All good mysteries require a crime, a culprit, and a savvy sleuth to connect the two. Creede, a former mining town at the mouth of Willow Creek Canyon in the silvery San Juans, never lacked for any of these ingredients. Bob Ford, the supposed killer of Jesse James, operated a dance hall there at one time, while Jefferson Randolph "Soapy" Smith swindled ne'er-do-wells at his own gambling hall down the road. Famed Dodge City sheriff Bat Masterson managed another saloon and reportedly instilled a little law and order in the town through his hard-won reputation alone. These men, along with the town's other notable and nefarious characters, could populate a dozen or more crime novels. Yet their dramatic stories, told and retold by historians for more than a century now, lack mystery. But connoisseurs of historical conundrums need not lament. The Creede Historical Society, while preserving the town's Denver & Rio Grande Railway depot with assistance from the State Historical Fund, discovered an architectural puzzle that will satiate any mystery lover's appetite. Although the depot's story lacks a crime, it includes all the other elements of a great mystery.
The story began in 1999 when the Creede Historical Society received a State Historical Fund grant to assess the depot's worsening structural problems. During the assessment, project participants discovered archival and physical evidence that filled several gaps in the depot's construction history.
Creede's historians already knew that the Denver & Rio Grande Railway built the depot in 1893. The town newspaper, The Creede Candle, documented the construction of a "large and roomy structure, in keeping with the immense amount of business transacted at this station." However, historians did not know when workers constructed the building's defining element, a distinctive cross-gable roof. The original blueprints, dated November 11, 1892, depict a simple side-gable structure, with only a hint of a cross gable shown in light construction lines. Another set of blueprints, this time dated "1/19/3," clearly show the cross gable. This evidence suggests that workers constructed the original side-gable structure in 1893 and added the cross gable ten years later.
Proving the historian's adage that information can be considered factual only if it is confirmed by separate and reliable sources, the project's partners disproved the theory that the cross gable was built a decade after the rest of the structure by combining new documentary and physical evidence. First, researchers found a photograph of a funeral procession at the depot, showing a completed cross gable, dated 1893. Second, Jones & Kolb, the architectural firm hired to conduct the historic structure assessment, investigated the attic, discovering that the original side gable had been framed-but only partially sheathed and shingled-before the cross gable was framed over it. This evidence suggests that the cross gable was what architects and contractors now refer to as a "change order." The depot's builders almost finished the side gable as planned, but, for an unknown reason, changed their minds and built the cross gable.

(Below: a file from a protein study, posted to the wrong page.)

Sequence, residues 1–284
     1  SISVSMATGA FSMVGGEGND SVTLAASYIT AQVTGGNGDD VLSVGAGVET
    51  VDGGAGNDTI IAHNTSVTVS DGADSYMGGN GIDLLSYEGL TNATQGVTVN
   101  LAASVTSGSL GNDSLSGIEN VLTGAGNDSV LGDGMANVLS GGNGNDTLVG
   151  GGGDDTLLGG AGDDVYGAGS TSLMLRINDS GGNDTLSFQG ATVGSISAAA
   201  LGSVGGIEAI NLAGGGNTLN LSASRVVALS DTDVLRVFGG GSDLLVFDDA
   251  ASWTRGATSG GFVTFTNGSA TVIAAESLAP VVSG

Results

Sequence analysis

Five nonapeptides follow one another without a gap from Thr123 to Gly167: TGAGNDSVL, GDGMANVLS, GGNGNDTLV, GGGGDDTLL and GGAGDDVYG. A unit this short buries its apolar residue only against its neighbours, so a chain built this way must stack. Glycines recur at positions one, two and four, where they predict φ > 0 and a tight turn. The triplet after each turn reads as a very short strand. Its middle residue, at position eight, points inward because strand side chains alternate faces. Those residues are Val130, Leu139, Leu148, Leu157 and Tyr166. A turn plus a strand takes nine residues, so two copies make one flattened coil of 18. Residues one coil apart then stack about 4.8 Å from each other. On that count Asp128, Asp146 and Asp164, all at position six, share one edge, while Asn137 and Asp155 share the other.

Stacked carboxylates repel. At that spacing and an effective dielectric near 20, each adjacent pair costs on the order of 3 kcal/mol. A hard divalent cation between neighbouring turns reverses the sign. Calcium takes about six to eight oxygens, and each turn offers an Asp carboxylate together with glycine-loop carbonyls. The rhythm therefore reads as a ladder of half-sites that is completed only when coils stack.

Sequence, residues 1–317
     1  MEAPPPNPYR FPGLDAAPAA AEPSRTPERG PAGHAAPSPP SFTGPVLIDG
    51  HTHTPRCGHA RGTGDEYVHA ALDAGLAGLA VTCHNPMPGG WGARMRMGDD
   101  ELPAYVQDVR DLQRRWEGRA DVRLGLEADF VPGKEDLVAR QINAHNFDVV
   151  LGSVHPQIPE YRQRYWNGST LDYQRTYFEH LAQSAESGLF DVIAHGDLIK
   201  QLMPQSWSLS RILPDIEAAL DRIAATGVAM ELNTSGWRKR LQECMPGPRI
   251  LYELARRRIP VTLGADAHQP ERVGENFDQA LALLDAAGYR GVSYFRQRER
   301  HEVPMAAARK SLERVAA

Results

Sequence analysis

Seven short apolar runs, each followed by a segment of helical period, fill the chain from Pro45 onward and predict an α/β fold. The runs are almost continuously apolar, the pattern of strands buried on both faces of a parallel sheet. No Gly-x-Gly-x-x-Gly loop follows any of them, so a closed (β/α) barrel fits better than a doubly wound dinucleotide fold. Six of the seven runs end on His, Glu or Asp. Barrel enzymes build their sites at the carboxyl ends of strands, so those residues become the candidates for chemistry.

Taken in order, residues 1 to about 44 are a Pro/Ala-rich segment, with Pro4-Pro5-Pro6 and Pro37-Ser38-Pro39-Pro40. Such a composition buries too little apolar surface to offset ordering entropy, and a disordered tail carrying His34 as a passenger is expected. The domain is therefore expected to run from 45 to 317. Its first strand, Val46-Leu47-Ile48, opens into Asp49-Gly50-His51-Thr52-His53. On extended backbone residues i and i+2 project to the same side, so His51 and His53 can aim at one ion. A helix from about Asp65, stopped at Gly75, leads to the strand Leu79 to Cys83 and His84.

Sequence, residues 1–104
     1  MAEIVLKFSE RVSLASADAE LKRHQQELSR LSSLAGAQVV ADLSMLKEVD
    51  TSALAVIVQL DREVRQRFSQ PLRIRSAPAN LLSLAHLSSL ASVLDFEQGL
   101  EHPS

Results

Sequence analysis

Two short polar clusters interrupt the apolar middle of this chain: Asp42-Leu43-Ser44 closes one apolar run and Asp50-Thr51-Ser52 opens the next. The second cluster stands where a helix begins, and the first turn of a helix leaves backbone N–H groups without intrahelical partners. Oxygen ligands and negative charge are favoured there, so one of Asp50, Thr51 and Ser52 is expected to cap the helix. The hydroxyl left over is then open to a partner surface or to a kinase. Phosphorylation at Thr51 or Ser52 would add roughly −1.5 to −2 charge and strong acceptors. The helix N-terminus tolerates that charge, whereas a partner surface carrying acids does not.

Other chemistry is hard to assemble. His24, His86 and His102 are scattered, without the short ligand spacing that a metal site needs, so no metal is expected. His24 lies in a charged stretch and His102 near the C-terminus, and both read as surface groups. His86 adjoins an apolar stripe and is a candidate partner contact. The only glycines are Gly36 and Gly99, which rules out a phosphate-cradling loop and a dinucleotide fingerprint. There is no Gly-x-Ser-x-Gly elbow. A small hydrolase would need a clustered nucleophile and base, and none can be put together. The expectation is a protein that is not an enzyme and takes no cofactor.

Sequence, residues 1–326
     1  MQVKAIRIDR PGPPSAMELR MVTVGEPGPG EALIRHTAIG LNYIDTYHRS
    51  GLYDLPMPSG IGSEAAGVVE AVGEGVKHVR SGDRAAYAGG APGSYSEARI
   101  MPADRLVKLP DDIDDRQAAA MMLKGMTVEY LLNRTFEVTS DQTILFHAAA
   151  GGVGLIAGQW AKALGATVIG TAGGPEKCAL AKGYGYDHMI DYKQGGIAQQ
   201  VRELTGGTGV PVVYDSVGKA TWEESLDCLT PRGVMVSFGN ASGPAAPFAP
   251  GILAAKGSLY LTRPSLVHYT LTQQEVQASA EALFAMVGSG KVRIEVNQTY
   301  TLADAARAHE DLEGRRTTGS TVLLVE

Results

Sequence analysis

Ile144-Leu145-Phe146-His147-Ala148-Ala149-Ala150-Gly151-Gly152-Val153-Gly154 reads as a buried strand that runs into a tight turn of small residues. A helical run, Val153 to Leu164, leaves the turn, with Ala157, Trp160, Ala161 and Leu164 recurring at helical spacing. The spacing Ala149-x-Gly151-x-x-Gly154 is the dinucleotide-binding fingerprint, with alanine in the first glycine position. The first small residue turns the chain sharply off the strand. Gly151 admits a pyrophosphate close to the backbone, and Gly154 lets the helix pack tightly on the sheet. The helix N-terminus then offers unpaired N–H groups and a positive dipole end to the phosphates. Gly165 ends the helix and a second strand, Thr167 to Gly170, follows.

During the historic structure assessment, architects laid other mysteries to rest. The original blueprints call for a structure measuring 84 feet long, while the actual building measures 96 feet long. Further investigation of the attic revealed a row of rafters with residual wall elements below, twelve feet from the building's south end (at the 84-foot mark). Yet the roof framing continues the full 96 feet. Jones & Kolb concluded that this enlargement, like the cross gable, was a change order.
The architects found another construction anomaly while exploring the structure's crawlspace. They determined that the north half of the building has two sets of floor joists, one built directly on top of the other. Observing that the upper floor is level with the railroad tracks, Jones & Kolb concluded that the builders framed the original floor too low relative to the tracks, and raised the floor to the correct level by adding a second set of floor joists.
Beyond doing the detective work, Jones & Kolb assessed the historic structure's condition and made recommendations for repairs and preservation. Among other problems, they found rotten foundation timbers and siding resulting from poor